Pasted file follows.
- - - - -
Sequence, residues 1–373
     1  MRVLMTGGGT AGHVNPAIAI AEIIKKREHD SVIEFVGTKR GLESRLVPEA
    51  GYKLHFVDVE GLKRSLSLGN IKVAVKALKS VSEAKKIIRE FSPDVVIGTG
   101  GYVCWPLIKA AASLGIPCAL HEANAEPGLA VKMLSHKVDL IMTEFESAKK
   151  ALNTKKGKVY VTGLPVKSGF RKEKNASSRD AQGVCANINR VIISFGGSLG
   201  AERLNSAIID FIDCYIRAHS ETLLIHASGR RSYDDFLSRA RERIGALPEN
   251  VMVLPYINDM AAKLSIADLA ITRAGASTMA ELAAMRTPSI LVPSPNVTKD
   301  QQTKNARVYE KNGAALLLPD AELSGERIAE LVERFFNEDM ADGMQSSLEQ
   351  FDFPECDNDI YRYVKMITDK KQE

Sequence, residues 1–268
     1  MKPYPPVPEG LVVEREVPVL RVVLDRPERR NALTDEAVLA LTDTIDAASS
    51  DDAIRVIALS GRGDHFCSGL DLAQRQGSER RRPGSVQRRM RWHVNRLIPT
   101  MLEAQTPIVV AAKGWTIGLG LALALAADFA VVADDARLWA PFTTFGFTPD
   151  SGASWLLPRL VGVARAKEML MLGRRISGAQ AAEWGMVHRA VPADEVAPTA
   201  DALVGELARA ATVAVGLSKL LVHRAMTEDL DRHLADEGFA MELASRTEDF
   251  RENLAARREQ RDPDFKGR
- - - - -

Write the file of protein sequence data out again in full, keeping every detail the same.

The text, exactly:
Sequence, residues 1–373
     1  MRVLMTGGGT AGHVNPAIAI AEIIKKREHD SVIEFVGTKR GLESRLVPEA
    51  GYKLHFVDVE GLKRSLSLGN IKVAVKALKS VSEAKKIIRE FSPDVVIGTG
   101  GYVCWPLIKA AASLGIPCAL HEANAEPGLA VKMLSHKVDL IMTEFESAKK
   151  ALNTKKGKVY VTGLPVKSGF RKEKNASSRD AQGVCANINR VIISFGGSLG
   201  AERLNSAIID FIDCYIRAHS ETLLIHASGR RSYDDFLSRA RERIGALPEN
   251  VMVLPYINDM AAKLSIADLA ITRAGASTMA ELAAMRTPSI LVPSPNVTKD
   301  QQTKNARVYE KNGAALLLPD AELSGERIAE LVERFFNEDM ADGMQSSLEQ
   351  FDFPECDNDI YRYVKMITDK KQE

Sequence, residues 1–268
     1  MKPYPPVPEG LVVEREVPVL RVVLDRPERR NALTDEAVLA LTDTIDAASS
    51  DDAIRVIALS GRGDHFCSGL DLAQRQGSER RRPGSVQRRM RWHVNRLIPT
   101  MLEAQTPIVV AAKGWTIGLG LALALAADFA VVADDARLWA PFTTFGFTPD
   151  SGASWLLPRL VGVARAKEML MLGRRISGAQ AAEWGMVHRA VPADEVAPTA
   201  DALVGELARA ATVAVGLSKL LVHRAMTEDL DRHLADEGFA MELASRTEDF
   251  RENLAARREQ RDPDFKGR